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University to acquire William Penn property

In a partnership with the LDC Fund, the property is planned to be redeveloped as athletics fields for two of Temple’s teams and as a job-training academy that will partner with the university’s College of Education.

The School District of Philadelphia approved the $15 million sale Thursday night of the 475,000-square-foot shuttered William Penn High School building to Temple and a Philadelphia-based laborers’ union. The partners’ preliminary plans include a job-training academy and athletic fields being placed on the property, located on N. Broad Street between Master Street and Girard Avenue.

Despite past speculation that the university would use the property to build an on-campus football stadium, Temple athletics will instead receive additional field space for the soccer and lacrosse teams by removing some of the vacant buildings on the property, according to a university statement.

Under the announced plan, the partnered laborers’ union — the Laborers’ District Council Education and Training/Apprenticeship Fund — will use the portion of the building facing N. Broad Street as a construction vocations training facility for those 18-years-old or more.

The district closed William Penn in 2010 and its 641 students were relocated to nearby schools.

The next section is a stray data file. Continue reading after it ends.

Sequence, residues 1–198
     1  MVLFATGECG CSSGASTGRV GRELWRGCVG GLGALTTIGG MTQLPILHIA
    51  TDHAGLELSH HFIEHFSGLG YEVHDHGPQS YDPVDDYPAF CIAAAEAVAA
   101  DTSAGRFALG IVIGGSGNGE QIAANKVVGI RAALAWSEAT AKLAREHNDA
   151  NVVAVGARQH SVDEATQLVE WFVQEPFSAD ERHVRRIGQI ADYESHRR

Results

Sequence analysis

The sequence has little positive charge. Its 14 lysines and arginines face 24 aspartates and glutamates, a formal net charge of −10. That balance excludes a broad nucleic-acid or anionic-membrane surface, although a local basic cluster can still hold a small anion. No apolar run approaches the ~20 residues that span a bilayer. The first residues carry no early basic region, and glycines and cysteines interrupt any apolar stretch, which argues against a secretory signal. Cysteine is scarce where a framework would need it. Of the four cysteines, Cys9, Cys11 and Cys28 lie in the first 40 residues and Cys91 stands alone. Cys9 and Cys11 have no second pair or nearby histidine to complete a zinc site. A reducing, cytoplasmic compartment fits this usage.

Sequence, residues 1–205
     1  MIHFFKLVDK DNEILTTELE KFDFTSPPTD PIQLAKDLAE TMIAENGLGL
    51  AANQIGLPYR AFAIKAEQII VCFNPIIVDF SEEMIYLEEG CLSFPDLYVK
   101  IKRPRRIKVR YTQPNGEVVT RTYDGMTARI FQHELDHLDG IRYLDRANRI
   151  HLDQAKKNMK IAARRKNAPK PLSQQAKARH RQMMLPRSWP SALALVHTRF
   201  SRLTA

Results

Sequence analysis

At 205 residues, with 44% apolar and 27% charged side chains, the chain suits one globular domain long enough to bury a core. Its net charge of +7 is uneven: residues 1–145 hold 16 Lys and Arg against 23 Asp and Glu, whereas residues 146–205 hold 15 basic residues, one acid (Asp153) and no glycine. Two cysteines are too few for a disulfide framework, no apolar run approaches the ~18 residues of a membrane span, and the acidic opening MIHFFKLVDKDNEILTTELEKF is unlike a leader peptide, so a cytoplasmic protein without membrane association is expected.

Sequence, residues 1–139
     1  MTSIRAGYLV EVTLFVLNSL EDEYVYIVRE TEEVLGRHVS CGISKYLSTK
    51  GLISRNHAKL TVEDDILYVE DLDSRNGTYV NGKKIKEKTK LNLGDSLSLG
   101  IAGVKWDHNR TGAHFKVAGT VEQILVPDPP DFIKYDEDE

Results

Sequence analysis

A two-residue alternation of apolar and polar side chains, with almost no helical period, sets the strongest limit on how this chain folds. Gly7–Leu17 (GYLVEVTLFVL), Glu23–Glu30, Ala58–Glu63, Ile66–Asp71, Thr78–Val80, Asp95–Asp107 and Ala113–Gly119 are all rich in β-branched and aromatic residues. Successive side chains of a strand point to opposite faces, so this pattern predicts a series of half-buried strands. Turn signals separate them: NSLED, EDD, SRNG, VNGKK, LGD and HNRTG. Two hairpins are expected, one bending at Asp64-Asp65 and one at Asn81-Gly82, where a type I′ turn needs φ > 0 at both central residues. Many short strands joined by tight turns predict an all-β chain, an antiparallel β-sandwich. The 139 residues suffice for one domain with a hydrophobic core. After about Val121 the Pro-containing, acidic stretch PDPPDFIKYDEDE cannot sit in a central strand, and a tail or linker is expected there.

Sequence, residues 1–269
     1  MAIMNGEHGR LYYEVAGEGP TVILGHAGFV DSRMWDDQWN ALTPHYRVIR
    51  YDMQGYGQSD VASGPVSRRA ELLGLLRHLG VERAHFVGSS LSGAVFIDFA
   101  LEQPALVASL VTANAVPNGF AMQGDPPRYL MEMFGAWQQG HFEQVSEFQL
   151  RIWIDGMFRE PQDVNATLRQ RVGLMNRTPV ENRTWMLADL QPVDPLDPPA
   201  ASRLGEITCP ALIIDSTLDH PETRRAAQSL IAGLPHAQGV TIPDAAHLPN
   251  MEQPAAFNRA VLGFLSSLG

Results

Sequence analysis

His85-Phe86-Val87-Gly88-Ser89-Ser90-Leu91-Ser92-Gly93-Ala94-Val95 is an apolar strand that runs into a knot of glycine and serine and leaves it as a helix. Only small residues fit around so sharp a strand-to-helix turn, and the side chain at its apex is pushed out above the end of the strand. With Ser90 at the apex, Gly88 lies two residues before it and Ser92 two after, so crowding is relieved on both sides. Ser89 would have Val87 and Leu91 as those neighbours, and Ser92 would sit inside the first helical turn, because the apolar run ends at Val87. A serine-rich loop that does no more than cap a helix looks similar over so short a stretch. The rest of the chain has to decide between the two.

The five-acre property had a 2014 certified market value of $32.5 million, according to city property assessment records in November of last year. The School District of Philadelphia, whose asking price for William Penn was $15 million, has had a continued budget crisis, with last year’s budget deficit at $362,000 and a $35 million shortfall still unaccounted for.

Temple first showed interest in purchasing the property in January 2013.  In February, the district announced that it had agreement of sale for six of its properties, all of which it intended to close before June 30.

Temple’s Career Technical Education Center, a section of the university’s College of Education, will also partner with the new academy to offer teacher-training programs. LDC Fund instructors will then be eligible to earn credits toward an undergraduate degree in industrial education from Temple or other degrees.

The planned educational programming will also include general education in literacy, English as a second language, GED, writing composition, mathematics and life management, a term the university statement explained as financial or stress control skills.

The district’s School Reform Commission approved the sale of the property in a 4-1 decision.

Marcus McCarthy can be reached at marcus.mccarthy@temple.edu or on Twitter @marcusmccarthy6.

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